Gail Wilensky, former administrator of the precursor agency to the Centers for Medicare & Medicaid Services, is watching for several indications of how the administration will proceed with the marketplaces. Along with a decision on the cost-sharing subsidies, another key will be whether the administration opts to ensure ample notice of premium changes.

Other Legislative Approaches

Following the withdrawal of the AHCA, legislative initiatives are expected to aggressively push health savings accounts (HSAs), according to Pestaina.

“There will be a continued push to expand HSAs,” Manville said.

It remains unclear whether Republicans will eliminate all of the ACA’s taxes as part of a possible tax reform package, given the pressure to pay for the ACA’s coverage expansions—which could mean the Cadillac tax is here to stay, according to Manville. That 40 percent excise tax on high-cost employer-sponsored insurance is slated to become effective in 2020.

“It would seem that this would be an area where the Trump administration could act on its desire to ease ACA burdens, although it would have to do so consistent with the statutory requirements,” said Leslie Anderson, a member of the Washington Resource Group at Mercer.

Trump could leverage an as-yet-undisclosed drug price control initiative to garner Democratic support for healthcare policy changes.

“That coalition-of-moderates approach has worked in the past, so that could happen,” Manville said.

Administrative Initiatives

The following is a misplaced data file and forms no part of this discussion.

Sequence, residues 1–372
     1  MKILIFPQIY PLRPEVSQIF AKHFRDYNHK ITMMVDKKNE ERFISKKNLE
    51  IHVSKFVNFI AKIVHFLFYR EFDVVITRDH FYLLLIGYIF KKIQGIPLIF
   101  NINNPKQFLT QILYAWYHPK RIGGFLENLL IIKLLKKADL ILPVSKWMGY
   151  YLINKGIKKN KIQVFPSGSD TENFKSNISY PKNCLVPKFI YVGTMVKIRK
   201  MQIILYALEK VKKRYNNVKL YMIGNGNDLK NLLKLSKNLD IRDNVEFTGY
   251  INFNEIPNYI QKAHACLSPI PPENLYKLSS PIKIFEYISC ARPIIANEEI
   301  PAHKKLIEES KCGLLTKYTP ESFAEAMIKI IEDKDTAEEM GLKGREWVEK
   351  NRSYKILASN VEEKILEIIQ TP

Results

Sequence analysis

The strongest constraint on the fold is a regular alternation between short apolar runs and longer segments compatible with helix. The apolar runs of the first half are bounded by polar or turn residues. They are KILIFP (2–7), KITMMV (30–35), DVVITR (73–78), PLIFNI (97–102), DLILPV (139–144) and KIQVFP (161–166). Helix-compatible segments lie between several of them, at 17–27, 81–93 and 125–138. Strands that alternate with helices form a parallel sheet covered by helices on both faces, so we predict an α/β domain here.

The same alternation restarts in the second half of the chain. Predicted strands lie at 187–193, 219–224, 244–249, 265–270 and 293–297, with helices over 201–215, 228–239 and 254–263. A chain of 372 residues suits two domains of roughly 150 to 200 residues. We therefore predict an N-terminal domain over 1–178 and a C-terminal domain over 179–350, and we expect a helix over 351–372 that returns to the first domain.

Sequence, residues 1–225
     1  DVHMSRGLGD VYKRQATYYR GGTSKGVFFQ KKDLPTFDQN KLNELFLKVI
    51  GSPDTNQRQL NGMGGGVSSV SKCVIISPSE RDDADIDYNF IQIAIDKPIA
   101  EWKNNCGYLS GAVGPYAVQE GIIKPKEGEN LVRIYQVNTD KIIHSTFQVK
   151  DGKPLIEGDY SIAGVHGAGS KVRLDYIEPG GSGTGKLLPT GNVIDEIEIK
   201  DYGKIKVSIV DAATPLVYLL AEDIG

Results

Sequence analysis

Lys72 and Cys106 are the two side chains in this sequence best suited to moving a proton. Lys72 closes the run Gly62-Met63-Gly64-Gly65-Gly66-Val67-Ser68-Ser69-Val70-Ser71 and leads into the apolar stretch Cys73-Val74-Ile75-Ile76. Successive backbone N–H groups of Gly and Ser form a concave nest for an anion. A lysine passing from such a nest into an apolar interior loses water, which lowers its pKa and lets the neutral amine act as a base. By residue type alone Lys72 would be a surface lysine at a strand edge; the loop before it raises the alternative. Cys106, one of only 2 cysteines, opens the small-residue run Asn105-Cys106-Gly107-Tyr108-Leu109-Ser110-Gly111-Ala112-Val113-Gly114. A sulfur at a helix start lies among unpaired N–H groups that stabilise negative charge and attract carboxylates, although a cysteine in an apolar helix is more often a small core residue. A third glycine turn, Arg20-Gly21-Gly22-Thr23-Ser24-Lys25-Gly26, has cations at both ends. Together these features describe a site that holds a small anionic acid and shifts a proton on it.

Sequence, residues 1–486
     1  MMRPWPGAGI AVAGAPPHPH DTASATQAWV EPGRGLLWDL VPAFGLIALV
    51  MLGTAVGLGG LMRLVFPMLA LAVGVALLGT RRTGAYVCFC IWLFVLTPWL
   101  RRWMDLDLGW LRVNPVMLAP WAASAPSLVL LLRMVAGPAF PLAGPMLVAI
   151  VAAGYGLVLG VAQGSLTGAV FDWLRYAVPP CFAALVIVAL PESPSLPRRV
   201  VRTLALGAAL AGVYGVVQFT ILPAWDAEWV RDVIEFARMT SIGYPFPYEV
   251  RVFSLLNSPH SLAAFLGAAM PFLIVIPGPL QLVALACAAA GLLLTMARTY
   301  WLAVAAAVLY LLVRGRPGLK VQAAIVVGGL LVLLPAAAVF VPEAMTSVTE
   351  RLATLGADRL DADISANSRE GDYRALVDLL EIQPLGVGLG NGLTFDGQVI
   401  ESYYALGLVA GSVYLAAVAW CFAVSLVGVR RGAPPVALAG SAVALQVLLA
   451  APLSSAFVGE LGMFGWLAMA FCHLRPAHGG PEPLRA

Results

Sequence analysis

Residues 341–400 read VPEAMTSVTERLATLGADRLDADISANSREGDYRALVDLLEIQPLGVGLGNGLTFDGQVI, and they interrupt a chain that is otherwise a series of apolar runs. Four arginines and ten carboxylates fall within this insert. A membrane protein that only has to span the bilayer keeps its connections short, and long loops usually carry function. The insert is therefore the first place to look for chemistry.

The Trump administration has wide authority to implement changes to the ACA, and Tom Price, secretary of the Department of Health and Human Services (HHS), has vowed to unwind many rules and give states more flexibility. However, the speed of such changes will be affected by lengthy rulemaking requirements for rescinding existing regulations, Manville said.

The administration would have the ability to act much more quickly to reverse or change sub-regulatory guidance issued through a frequently-asked-questions format, which does not entail a process of notice and comments.

“To the extent the Trump administration wants to change these, it is probably an easier process,” Pestaina said.

It remains unclear how HHS will implement Trump’s executive order for federal departments to minimize the compliance impacts of regulations, including those in the ACA. Similarly no administrative action has been taken on another Trump executive order that required eliminating two rules for each new one issued, Pestaina said.